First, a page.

On a bitingly cold morning in Stockholm, two days ago, I stood among 200 mourners in a Muslim cemetery, set in a magnificent pine forest.
They had come to bury a 15-year-old Afghan boy who had been shot dead, allegedly by a gangster of the same age.
Yet as his coffin was lowered into the frozen ground, it seemed to me that we were also witnessing the death of Sweden’s great multi-cultural dream.
Brought to this famously hospitable country three years ago, to escape the impending return of the Taliban, it appears that Ali Shafaei is the latest victim of a vicious war being waged largely by child gangsters from Sweden’s migrant sink-estates.
Among Swedish politicians, the precise causes of this internecine conflict may be a matter for debate.
Yet even those on the liberal Left now grudgingly agree that they are rooted in the country’s disastrously failed immigration policy — which in recent years opened Sweden’s borders. Some 2 million immigrants (20 per cent of the entire population), now live in Sweden, often from the most troubled parts of Asia and Africa.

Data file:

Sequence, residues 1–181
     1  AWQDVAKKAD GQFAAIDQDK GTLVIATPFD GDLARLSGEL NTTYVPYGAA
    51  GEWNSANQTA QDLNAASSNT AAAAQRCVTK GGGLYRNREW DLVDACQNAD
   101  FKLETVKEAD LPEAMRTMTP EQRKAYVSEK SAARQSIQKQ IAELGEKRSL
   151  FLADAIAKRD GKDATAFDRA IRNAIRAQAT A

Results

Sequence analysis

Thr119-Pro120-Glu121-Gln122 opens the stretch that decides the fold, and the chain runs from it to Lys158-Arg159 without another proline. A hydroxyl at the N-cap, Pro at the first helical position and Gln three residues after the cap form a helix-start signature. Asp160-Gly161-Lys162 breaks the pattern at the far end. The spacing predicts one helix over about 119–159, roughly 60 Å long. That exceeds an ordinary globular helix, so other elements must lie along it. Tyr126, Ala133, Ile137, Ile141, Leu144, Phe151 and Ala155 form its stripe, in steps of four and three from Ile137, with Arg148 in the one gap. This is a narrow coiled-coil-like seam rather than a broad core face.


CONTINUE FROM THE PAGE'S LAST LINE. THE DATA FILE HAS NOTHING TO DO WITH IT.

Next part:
Many of the offspring of these migrants have morphed dangerously into a lost generation who are effectively stateless. Though they were born here, many don’t feel remotely Swedish, yet have no allegiance to their parents’ homelands, either.link